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The Hackett Group outlines how to build resilient supply chains in the wake of coronavirus

10/07/2020 By

As the COVID-19 pandemic continues to generate uncertainty around supply and demand in economies across the globe, supply chain resilience has never been more important. When planning for the medium and long term, businesses in every industry must be proactive in their response to market imbalances that accompany the pandemic recovery to remain competitive.

The Hackett Group breaks down the process in its “Safeguard and Build Resilience in Your Supply Chain” research report, outlining steps to build a more stable, resilient and optimized supply chain. As a result, businesses can unlock greater variability in their cost of goods sold, preserving gross margin at a time when balance sheets are already under considerable strain.

In the report, Hackett indicates businesses will see revenues decline 21% on average because of the coronavirus pandemic. As a result, gross margins can be reduced up to 6.6% based on different organization’s ability to scale costs of goods sold with changes in revenue.

On the other hand, companies with high variability in their COGS structure (costs of good sold) are able to scale up to 80% of costs with changes in revenue, leading to gross margin impacts of 3.3%, just half that of less prepared businesses. The key difference between the two is a culture of being proactive in relation to shifting supply and demand environments, facilitated by comprehensive forecasting and contingencies based on those forecasts to prepare for shocks in either direction.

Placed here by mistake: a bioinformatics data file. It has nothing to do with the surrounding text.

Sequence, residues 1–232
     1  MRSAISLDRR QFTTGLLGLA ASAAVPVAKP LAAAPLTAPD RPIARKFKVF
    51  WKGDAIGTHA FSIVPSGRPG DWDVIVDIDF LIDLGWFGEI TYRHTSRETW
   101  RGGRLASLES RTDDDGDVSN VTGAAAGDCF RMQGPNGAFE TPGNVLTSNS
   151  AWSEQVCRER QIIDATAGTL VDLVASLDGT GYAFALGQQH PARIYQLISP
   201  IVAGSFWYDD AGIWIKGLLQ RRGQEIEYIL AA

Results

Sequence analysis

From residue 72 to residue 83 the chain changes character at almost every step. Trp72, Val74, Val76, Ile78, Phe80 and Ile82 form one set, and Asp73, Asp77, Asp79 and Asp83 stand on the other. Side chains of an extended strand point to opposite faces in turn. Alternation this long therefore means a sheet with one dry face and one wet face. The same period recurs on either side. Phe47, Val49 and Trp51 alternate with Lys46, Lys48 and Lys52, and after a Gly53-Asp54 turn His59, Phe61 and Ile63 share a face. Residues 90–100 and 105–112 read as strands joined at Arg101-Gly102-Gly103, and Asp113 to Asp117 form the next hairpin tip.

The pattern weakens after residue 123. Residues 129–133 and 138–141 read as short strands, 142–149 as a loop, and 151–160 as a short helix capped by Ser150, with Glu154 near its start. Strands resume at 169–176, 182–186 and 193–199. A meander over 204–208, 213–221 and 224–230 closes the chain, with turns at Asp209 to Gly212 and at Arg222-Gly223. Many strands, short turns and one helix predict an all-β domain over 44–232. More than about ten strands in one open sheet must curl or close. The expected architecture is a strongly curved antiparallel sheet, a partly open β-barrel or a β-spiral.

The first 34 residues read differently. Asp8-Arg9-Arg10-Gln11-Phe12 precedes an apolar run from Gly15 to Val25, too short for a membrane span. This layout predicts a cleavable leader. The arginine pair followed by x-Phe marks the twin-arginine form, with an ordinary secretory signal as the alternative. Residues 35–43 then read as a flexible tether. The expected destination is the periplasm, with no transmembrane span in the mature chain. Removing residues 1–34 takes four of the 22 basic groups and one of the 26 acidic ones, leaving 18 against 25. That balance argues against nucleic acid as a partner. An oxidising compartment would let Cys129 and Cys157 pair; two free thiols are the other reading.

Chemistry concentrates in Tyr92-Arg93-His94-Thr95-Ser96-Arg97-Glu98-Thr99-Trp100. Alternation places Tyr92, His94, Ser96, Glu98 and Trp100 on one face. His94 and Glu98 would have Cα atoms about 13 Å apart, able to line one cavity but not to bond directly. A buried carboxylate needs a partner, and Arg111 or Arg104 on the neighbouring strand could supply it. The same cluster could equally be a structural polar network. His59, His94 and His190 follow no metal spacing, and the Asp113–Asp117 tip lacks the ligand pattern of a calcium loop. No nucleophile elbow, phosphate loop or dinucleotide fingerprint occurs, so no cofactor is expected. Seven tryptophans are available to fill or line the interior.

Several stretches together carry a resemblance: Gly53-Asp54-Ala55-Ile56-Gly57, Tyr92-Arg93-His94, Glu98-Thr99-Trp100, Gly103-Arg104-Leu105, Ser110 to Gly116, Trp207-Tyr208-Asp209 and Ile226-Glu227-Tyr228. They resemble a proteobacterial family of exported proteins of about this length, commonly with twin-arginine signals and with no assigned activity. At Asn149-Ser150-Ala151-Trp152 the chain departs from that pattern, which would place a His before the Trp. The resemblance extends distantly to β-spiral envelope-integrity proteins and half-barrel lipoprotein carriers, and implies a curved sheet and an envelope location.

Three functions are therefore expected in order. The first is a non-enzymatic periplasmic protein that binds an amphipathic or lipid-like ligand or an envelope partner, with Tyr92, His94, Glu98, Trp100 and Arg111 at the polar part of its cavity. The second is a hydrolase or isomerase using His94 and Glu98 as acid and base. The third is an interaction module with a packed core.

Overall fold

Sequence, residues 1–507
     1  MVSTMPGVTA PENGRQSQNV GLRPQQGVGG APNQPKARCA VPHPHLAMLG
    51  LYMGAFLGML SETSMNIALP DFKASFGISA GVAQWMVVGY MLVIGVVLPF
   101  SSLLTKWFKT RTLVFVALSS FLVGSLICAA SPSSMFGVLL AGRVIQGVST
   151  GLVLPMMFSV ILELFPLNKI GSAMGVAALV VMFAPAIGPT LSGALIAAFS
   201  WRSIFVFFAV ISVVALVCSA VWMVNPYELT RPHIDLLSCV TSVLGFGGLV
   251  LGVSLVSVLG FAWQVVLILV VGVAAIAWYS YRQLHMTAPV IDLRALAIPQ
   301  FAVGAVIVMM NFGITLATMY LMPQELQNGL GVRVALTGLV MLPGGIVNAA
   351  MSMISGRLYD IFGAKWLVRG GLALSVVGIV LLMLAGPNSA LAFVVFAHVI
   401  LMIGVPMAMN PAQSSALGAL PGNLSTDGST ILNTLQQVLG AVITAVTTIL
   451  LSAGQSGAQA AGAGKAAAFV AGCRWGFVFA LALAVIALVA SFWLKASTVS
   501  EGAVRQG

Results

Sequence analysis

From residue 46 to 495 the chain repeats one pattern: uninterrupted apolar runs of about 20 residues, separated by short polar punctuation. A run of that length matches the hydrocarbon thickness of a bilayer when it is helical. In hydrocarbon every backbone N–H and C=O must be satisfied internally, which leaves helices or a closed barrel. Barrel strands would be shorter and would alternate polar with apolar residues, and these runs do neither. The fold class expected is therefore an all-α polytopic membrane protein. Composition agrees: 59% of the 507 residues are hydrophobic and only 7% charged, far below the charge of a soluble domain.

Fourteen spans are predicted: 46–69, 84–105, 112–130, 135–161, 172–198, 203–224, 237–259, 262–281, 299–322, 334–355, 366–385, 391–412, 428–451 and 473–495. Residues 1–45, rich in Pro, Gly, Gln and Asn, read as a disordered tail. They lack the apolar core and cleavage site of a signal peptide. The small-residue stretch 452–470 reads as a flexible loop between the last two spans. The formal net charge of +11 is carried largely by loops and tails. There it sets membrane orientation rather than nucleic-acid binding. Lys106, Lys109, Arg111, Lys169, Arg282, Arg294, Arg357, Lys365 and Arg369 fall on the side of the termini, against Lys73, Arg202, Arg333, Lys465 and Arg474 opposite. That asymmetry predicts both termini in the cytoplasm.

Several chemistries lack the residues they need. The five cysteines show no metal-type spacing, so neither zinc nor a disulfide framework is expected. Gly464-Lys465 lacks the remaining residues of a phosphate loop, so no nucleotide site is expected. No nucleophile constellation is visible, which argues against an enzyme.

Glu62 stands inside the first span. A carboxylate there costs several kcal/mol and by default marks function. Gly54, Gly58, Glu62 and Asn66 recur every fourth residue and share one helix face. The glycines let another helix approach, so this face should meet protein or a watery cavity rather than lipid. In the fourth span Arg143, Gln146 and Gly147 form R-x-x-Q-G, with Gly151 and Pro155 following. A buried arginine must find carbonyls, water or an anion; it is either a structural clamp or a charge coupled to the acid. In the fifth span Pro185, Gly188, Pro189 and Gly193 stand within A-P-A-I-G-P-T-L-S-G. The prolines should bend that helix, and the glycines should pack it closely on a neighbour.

Graph depicting the Hackett Group's COVID-19 resilient supply chain study

(Click image to enlarge)

How to develop resilient supply chains

To begin the process of developing resilience during the ongoing pandemic, Hackett recommends a thorough evaluation of baseline performance to better understand where improvements can have the biggest impact.

A review of demand forecasting is a good place to start while keeping an eye towards developing more granular and geographically-distributed metrics to predict and react to emerging virus outbreaks before they affect business. Ideally, these evaluations have weekly or even daily updates and incorporate external data to supplement insights that can be gathered from previous business experience.

Understanding inventory coverage on a regional basis combined with up-to-date information on distribution network choke points and redundancies can also help businesses get ahead of component shortages by shifting suppliers as necessary.

Going a step further, companies can work together with supply chain partners to increase their visibility into second-tier suppliers, adding an early warning layer to supply shortage considerations.

Improved forecasting into supply and demand changes help identify key variable cost drivers and allow businesses to define upper and lower-bound scenarios for matching production to demand and generate action plans for those levels most likely to play out.